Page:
I learned a lot from all the people I played with – most often non verbally. In my whole career we never discussed harmony or rhythm or anything technical. It was always what we were bringing to the audience and how we could improve that – how we could improve the set. Nat Adderley did tell me to build a solo by starting with regular musical ideas and then build up to using the effects I was using at the time on the electric piano. That was great advice. It was all good playing with those great musicians. Playing every night with wonderful musicians taught me how to play, how to bring my individuality to the music, how to be a great sideman, and how to be an effective leader.

AC: How did you land the job as musical director for Arsenio Hall? What was that experience like? How does it affect your music and career to do a steady TV gig like that? I’m told that Arsenio was you greatest tutor? How so?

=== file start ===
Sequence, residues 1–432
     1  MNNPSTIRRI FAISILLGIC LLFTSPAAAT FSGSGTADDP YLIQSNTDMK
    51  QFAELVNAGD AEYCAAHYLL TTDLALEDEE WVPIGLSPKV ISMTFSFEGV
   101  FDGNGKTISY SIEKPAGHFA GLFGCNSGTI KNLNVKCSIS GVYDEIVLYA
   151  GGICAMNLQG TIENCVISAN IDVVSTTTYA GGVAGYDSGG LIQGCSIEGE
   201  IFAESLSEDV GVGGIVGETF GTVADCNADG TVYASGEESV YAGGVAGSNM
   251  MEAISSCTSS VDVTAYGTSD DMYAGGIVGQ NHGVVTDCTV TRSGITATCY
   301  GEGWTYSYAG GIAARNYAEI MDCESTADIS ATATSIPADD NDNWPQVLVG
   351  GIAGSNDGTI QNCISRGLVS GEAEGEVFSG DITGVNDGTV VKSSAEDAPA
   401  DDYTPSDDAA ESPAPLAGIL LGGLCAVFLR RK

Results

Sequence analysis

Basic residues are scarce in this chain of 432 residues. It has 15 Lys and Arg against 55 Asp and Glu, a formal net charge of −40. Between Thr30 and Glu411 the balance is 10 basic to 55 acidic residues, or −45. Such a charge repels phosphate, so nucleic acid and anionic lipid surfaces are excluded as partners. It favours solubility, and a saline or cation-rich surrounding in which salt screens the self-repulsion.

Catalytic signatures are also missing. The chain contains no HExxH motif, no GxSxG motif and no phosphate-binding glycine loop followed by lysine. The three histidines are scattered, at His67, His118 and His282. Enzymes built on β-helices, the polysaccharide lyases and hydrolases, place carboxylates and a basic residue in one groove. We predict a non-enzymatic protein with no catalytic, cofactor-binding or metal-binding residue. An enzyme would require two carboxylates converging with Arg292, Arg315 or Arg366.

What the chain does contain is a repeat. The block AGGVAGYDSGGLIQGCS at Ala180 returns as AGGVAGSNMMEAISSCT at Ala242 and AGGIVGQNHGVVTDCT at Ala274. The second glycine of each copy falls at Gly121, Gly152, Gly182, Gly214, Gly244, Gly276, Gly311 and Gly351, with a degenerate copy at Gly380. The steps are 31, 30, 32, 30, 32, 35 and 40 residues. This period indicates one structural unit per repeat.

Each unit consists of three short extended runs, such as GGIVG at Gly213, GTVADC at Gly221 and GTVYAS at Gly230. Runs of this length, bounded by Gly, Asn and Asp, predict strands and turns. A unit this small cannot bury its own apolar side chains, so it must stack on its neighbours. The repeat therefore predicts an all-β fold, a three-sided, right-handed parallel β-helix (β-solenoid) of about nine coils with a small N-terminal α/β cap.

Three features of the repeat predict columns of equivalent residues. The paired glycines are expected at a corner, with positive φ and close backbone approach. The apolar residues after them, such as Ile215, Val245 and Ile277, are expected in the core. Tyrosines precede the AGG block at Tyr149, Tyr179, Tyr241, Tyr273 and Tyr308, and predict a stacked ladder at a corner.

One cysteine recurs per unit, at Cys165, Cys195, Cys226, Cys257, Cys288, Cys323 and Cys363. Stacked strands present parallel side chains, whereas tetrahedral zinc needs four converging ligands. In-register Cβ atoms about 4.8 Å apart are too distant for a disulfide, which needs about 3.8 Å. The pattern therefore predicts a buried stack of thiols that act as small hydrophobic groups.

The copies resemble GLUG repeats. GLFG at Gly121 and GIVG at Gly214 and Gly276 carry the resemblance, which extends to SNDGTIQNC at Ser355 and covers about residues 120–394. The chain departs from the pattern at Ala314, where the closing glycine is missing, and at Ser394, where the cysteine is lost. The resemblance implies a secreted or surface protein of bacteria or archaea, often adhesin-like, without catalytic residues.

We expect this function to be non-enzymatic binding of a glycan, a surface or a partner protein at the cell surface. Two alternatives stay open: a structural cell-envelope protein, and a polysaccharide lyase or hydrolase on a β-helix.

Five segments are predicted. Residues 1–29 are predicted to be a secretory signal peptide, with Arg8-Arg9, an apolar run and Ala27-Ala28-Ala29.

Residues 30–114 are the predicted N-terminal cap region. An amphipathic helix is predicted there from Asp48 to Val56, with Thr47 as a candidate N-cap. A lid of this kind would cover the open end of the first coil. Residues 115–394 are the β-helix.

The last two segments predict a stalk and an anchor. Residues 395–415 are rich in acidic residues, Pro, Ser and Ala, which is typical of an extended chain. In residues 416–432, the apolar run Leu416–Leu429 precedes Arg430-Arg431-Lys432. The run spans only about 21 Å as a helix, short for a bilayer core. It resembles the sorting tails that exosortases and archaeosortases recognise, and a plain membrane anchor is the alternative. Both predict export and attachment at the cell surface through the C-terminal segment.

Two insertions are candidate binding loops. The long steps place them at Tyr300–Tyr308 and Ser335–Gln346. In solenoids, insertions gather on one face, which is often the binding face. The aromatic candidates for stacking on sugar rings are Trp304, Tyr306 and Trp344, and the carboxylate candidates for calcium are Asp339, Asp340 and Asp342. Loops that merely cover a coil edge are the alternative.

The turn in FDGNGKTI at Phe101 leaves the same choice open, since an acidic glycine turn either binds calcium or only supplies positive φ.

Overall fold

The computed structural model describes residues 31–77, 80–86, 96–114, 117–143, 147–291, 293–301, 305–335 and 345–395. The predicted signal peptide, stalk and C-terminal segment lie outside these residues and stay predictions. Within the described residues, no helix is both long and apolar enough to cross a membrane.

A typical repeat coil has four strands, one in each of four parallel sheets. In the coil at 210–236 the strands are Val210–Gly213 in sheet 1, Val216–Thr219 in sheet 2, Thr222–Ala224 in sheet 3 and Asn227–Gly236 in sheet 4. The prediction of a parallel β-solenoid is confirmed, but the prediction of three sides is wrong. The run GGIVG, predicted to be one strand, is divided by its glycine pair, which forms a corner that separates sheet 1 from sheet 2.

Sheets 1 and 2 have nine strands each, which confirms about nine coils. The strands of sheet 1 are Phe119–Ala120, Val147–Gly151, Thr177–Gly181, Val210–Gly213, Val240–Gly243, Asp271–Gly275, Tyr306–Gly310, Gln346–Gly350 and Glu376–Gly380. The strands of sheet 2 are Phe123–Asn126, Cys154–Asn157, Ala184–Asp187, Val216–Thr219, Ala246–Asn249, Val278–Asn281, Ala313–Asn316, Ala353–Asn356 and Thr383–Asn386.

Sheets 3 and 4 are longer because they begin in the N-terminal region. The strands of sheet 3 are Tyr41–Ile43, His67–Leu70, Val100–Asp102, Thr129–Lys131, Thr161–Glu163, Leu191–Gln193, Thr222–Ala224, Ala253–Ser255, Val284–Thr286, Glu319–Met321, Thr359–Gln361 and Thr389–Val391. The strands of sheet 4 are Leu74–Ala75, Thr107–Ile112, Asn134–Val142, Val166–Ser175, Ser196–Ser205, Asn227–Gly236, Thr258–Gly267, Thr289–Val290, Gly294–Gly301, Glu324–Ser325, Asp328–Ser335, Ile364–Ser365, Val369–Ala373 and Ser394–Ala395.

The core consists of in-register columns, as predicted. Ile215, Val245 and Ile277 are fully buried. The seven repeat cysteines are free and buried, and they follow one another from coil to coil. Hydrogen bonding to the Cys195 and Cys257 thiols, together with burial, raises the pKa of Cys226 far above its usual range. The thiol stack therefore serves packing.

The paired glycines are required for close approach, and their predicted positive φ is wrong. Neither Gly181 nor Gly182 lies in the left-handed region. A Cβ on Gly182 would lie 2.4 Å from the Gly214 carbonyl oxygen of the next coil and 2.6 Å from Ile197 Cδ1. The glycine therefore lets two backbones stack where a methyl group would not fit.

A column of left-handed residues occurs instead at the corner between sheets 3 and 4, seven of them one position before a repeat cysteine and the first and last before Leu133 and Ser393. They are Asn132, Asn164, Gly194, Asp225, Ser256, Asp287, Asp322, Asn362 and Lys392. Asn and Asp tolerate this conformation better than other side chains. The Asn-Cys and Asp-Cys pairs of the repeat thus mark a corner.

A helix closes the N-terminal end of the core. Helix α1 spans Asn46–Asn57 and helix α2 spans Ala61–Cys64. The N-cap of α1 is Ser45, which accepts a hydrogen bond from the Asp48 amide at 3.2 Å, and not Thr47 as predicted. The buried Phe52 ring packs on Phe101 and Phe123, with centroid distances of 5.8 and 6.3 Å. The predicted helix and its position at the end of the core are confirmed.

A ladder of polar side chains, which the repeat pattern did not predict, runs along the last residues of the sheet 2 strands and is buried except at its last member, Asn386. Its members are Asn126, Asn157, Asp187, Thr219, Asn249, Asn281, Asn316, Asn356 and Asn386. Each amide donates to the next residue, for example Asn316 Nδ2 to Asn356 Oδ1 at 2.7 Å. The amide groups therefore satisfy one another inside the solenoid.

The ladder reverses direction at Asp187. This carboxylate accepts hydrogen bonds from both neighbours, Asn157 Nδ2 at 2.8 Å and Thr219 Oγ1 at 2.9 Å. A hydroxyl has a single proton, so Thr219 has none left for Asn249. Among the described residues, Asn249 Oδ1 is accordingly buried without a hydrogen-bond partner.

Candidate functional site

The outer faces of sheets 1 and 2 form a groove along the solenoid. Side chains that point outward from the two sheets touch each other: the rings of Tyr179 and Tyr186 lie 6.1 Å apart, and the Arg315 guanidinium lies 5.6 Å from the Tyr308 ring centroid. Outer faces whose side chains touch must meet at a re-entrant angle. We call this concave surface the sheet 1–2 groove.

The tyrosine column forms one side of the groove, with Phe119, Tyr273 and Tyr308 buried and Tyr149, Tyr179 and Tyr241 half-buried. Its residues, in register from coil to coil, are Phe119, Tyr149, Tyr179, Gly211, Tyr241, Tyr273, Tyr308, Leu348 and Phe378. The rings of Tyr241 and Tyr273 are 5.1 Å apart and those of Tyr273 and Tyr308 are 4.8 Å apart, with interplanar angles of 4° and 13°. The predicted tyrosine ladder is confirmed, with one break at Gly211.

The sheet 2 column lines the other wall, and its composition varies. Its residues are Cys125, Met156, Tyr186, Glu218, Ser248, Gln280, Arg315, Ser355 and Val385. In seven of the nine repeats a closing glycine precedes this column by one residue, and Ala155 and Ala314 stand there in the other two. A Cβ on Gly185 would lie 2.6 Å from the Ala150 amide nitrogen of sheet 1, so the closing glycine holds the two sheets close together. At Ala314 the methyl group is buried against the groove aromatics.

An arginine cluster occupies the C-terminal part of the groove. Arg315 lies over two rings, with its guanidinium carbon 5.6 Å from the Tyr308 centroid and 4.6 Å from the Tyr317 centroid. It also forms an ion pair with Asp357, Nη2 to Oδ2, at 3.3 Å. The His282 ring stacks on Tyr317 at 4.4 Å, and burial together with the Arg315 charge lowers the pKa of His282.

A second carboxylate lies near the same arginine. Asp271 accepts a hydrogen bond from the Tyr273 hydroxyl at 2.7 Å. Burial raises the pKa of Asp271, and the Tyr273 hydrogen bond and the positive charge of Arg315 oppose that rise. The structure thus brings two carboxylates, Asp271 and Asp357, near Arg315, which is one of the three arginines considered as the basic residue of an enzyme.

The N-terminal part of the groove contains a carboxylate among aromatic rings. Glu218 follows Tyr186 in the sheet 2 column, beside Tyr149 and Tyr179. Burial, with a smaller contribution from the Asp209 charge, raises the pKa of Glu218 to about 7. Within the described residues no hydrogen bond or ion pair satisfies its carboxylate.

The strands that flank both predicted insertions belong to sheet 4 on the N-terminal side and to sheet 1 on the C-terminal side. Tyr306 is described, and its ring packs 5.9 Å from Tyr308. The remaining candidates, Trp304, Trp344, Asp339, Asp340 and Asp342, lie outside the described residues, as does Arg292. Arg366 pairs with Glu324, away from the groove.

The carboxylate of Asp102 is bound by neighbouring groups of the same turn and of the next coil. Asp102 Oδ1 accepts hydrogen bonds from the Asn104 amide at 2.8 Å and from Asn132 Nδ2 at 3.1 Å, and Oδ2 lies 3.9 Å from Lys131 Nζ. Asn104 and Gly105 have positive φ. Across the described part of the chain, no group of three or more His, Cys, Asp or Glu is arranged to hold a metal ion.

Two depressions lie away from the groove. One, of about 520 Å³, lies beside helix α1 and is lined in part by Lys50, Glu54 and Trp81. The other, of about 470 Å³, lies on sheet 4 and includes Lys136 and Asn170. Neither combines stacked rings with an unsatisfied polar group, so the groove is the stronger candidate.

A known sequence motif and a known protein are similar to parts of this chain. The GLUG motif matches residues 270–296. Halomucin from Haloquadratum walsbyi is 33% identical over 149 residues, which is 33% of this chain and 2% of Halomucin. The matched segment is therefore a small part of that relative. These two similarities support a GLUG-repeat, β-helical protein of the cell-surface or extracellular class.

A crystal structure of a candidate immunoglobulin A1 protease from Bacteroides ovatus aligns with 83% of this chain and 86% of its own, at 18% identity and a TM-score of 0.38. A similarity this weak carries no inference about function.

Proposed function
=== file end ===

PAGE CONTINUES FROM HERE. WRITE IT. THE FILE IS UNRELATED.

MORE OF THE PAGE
MW: When I became musical director for the great singer Nancy Wilson, I learned to conduct orchestras, arrange for vocalist and orchestra, and to sing backup with her. I learned always from being on the bandstand. It was on the job training. Much different from the way musicians learn in school now. Our opening act for Nancy Wilson was comedian Arsenio Hall and he and I became good friends. He always said he’d have a talk show and he’d hire me to lead the band. And he did! It was a great experience. I got to play with so many great musicians of all styles including: Wayne Shorter, Chick Corea, Herbie Hancock, Branford Marsalis, Al Green, Ray Charles, Ringo Starr, Warren Zevon, Phil Collins, Whitney Houston, Patty LaBelle, Yo Yo Ma, Placido Domingo, Grandmaster Flash, and Teddy Riley. I also learned to compose music quickly, because often Arsenio would shoot a short video that needed music and I had to watch it a couple of times, write music immediately, and record it with our band on the spot. It was a fantastic experience that helped train me to write music for film and television. What I learned from Arsenio was to be in the moment and to respond to whatever was going on around you onstage. He is an amazing talent and responded to whatever was happening onstage and off immediately.